The patient is a 60-year-old gentleman with personal history of ulcerative colitis (UC) on tumor necrosis factor (TNF) antagonist infliximab. He initially presented with complaints of left-sided sore throat. CT scan of the neck described an asymmetric thickening of epiglottis and left aryepiglottic fold with focal enhancement. Flexible laryngoscopy revealed a papillomatous mass involving left arytenoid and extending towards the vocal cords, the biopsy of which revealed severe inflammation in absence of clear evidence of dysplasia. Several months later, the patient represented, this time with severe dysphagia and multiple mucosal lesions involving the left aryepiglottic fold and the hard palate. Together with the results of the previous biopsy, this presentation brought into question whether these lesions may constitute manifestations of Crohn’s disease (CD) previously misdiagnosed as UC. The patient thus underwent panendoscopy with sampling of left-sided aryepiglottic fold, lateral pharyngeal wall, vallecula and soft palate.
The histology again revealed benign squamous mucosa with prominent acute and chronic inflammation but no evidence of dysplasia (Fig. 1). Additionally, numerous foreign-body giant cells and nonnecrotizing granulomas were seen in all specimens. While morphological findings were reminiscent of CD, the differential of infectious etiology was investigated with spirochete immunohistochemistry as well as Ziehl-Neelsen, PAS and Gomori trichrome stains. While the former 3 were negative, the Gomori stain revealed scattered narrow-based budding organisms, both within and outside of macrophages (Fig. 2). No mycelial forms were identified.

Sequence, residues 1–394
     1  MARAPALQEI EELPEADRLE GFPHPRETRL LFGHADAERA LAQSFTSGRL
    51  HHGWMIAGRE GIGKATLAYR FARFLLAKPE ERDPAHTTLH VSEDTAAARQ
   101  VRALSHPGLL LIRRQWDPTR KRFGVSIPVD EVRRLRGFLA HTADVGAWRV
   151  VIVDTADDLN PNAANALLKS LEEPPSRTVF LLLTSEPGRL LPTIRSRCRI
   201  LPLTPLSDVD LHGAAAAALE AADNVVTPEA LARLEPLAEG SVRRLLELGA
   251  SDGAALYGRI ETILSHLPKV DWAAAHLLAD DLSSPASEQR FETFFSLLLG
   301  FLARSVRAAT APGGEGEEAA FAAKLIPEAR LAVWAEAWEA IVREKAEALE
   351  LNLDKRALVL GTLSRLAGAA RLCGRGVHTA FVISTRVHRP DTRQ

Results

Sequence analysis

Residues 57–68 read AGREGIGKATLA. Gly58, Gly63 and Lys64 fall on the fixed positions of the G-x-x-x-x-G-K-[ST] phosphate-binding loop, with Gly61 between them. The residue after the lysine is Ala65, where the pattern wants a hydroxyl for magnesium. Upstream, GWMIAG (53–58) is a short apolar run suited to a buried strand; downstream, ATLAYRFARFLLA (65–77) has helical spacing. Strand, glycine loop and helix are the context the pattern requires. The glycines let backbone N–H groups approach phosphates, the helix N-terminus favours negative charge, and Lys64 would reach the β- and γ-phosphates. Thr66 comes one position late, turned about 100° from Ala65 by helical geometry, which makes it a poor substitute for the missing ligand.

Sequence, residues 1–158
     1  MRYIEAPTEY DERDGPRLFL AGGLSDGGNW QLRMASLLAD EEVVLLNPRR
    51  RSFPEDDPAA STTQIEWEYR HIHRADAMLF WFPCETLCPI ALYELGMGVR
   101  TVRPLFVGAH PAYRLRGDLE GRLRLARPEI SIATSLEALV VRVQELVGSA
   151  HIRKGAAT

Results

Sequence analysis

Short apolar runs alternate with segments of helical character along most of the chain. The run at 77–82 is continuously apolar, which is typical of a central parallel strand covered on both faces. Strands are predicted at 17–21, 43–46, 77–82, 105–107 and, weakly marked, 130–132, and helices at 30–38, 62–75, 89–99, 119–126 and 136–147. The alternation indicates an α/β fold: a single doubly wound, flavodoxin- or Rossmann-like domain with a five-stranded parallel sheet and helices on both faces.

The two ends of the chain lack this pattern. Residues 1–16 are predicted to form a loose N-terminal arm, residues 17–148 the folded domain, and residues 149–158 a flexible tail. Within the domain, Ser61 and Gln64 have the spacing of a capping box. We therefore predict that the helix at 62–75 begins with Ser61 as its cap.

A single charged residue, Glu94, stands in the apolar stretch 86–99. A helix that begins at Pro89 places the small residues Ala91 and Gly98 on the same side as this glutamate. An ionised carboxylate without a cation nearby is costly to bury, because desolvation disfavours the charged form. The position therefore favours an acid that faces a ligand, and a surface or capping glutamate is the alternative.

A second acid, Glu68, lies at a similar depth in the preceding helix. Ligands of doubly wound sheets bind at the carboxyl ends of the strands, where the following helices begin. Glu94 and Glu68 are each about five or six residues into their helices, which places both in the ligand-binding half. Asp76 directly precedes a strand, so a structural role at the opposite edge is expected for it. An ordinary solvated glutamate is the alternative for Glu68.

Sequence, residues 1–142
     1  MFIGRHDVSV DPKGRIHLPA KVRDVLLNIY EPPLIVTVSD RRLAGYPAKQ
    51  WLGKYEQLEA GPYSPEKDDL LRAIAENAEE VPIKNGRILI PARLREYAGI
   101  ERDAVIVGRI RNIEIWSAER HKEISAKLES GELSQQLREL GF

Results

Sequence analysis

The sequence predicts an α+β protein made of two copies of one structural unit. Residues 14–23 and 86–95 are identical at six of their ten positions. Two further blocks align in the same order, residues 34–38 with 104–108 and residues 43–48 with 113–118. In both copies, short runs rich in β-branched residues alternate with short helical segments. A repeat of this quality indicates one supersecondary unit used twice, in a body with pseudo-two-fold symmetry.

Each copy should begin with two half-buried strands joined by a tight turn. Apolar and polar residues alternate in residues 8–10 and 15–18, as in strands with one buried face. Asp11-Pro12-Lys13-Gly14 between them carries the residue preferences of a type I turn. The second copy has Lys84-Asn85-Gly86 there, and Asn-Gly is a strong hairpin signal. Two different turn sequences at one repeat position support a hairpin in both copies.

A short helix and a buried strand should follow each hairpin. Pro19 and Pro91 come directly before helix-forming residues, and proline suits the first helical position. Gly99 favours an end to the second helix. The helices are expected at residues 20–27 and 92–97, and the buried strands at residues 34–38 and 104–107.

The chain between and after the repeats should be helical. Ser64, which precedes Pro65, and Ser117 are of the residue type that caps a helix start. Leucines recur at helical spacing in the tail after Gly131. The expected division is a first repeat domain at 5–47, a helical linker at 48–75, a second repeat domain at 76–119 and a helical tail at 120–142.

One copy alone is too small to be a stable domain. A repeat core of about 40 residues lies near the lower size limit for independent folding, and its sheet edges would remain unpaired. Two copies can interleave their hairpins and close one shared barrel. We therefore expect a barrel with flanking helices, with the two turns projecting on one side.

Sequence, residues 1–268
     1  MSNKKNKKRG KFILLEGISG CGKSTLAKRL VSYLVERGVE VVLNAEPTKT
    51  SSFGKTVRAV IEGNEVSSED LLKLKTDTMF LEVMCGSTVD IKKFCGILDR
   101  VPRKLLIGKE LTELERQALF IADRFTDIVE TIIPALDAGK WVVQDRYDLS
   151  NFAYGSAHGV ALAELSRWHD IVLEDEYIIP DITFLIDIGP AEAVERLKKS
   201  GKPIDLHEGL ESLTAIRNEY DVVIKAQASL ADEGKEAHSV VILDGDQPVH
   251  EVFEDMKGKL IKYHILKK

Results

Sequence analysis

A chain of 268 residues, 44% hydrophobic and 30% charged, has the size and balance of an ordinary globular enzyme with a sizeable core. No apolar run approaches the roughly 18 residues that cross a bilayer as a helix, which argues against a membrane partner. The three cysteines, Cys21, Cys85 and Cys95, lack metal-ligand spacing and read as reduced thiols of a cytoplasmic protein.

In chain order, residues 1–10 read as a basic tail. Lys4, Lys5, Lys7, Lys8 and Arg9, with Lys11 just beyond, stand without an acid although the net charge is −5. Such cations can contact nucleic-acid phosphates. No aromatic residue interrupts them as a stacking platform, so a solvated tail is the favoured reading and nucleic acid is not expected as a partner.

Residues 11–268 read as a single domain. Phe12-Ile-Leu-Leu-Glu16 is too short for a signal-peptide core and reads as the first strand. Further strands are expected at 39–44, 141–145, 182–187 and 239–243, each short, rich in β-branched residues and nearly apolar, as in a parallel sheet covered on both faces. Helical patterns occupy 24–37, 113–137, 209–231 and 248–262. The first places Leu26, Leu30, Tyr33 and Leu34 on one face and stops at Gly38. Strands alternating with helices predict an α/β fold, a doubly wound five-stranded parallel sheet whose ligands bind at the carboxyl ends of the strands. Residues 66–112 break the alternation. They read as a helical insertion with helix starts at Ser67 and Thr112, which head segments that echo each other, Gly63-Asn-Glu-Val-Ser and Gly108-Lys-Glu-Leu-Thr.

Fig. 1. B. Foreign-body giant cells and nonnecrotizing granulomas are seen (H&E, 10X).
Final Diagnosis: Fungal infection suggestive of Histoplasma spp.
TNF is a pleiotropic cytokine involved in multiple biological processes, including its role in host protection from infectious agents, as well as its impact on cellular proliferation, differentiation and apoptosis (1). In parallel, its pathogenic implication in several autoimmune conditions including inflammatory bowel disease (IBD) has been widely documented, although the exact molecular mechanisms are yet to be fully elucidated (2, 3). Therapeutic benefits of TNF inhibition in IBD have been demonstrated as early as in 1993 (4). TNF antagonists currently available for CD management include monoclonal antibodies infliximab and adalimumab, as well as PEG-conjugated Fab fragment, certolizumab (5). Given its critical role in host protection, it comes with no surprise that TNF inhibition is associated with increased incidence of opportunistic infections. More specifically, numerous reports of granulomatous diseases have been documented. In 2004, Wallis et al. (6) reviewed data from Adverse Event reporting System of the US Food and Drug Administration over 4.75-year period between 1998-2002, identifying 556 reports of granulomatous infections in 233,000 patients on infliximab evaluated (rate of 238.6 per 100,000 patients). The most commonly identified causative agent was Mycobacterium tuberculosis with a rate of 143.8 per 100,000 patients, in staggering comparison to 5.2-6.6 cases per 100,000 persons reported in United States for the corresponding years (7). Other pathogens included Histoplasma capsulatum (16.7 per 100,000 patients), Candida spp. (16.3 per 100,000 patients), Listeria spp. (15.5 per 100,000 patients), nontuberculous Mycobacterium spp. (12.9 per 100,000 patients), and Aspergillus spp. (12.4 per 100,000 patients).